Mike Ayling has trains in his blood; both his grandfathers were train drivers and told stories about the old steam train days when bacon and egg breakfasts could be cooked on a coal shovel.
'If my grandfathers could see what we're doing now, I think they'd be blown away in terms of the phenomenal advancement in technology,' he says.
'The improved safety aspects alone align to the real focus that we have on zero harm and making sure our employees get home safely,' says Ayling who is the General Manager of Digital Technology and Innovation at Downer which in 2011 commenced a 30-year contract with the NSW Government to manage and maintain the fleet of 78 Waratah trains.
In December 2016 the NSW Government ordered 24 Waratah Series 2 trains under its Sydney Growth Trains Project and in February 2019, announced its decision to order an additional 17 Waratah Series 2 trains and providing more passengers with improved safety and comfort due to enhanced air-conditioning systems, more CCTV cameras and improved accessibility.
Building on the success of the original Waratah trains which continue to show exceptional performance in terms of reliability and availability, Waratah Series 2 represents a new opportunity to leverage additional sensor data from the fleet.
As each Waratah train pulls in and out of a Sydney station, more than 300 Internet of Things (IoT) sensors and almost 90 cameras are silently capturing data and recording video.
Every ten minutes 30,000 signals are sent from the train to Downer. Those 30,000 signals represent the train's digital DNA.
Ayling says; 'We pretty much check everything on the train, from the bottom up, from the wheels - obviously the wheels are the most important thing in terms of the train, because that's the thing that keeps them on the tracks. We're very conscious of making sure the wheels are always safe, and then the bogies and traction systems, the interiors as well, making sure the CCTV cameras are always working and operational. Then at the top of the train the pantographs are making sure it gets electricity to the train.
'Essentially these are trains with brains. We're getting 30,000 signals from each train every 10 minutes. You extrapolate that out, we now have billions of data points since the inception of the fleet.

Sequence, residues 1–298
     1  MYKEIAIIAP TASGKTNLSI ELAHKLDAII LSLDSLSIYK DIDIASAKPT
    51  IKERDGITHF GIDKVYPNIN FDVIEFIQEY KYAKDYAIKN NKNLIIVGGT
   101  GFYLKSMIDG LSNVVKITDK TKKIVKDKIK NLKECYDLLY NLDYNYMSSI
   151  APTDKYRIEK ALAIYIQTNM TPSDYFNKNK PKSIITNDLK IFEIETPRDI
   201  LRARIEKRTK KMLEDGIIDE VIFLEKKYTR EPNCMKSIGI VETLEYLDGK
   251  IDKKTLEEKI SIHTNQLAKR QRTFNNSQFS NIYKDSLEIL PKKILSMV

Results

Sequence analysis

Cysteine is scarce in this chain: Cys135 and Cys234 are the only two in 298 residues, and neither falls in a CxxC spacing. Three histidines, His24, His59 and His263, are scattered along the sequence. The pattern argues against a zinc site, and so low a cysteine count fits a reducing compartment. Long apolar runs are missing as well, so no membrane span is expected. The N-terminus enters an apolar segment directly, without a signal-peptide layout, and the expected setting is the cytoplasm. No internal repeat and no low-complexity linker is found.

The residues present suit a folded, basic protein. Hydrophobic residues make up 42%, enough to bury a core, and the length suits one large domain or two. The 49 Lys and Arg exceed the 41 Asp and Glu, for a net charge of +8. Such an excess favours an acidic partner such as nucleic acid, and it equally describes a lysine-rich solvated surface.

'We're using those sensors to tell us about the health of the train - it's almost like having a blood pressure reading,' which, Ayling says, provides Downer with the insights it and its engineers need to ensure trains continue to operate safely and reliably.
It's helping to automate inspections, and also the opportunity to optimise operations and introduce predictive maintenance, saving time and money. The platform puts the information directly into the hands of engineers, streamlining process and reducing the risks of miscommunication or delay.
Ayling explains that in the past although the company had the raw data, it struggled to make sense of it or get it to the people who needed it, when they needed it. That means that; 'we can't take advantage of all the raw data coming off the train to optimise our decision making.'
He knew that the right technology platform would be able to turn the raw data into actionable insights. There have been a number of attempts over the years - however it's taken a Microsoft Azure based solution, developed by Downer, to deliver real change.
Downer entered into a strategic alliance with Microsoft in 2017 to co-operatively develop and market cloud-based solutions and services for specific industry sectors. The alliance, which sees both parties bring their technology and sector specific know-how to the table, was designed to help accelerate the rate at which transformational value could be unlocked for business.
Jason Pearce, General Manager Technology for Downer Digital Data Services, says that the rollingstock services business of Downer was one of the early adopters of its Azure based data platform, used as a backend for their TrainDNA solution. The platform has been deployed to capture and store all Downer's IoT data, along with other important data feeds, overlaid with data analytics and visualisation tools to make sense of the information and allow Downer engineers to act on it.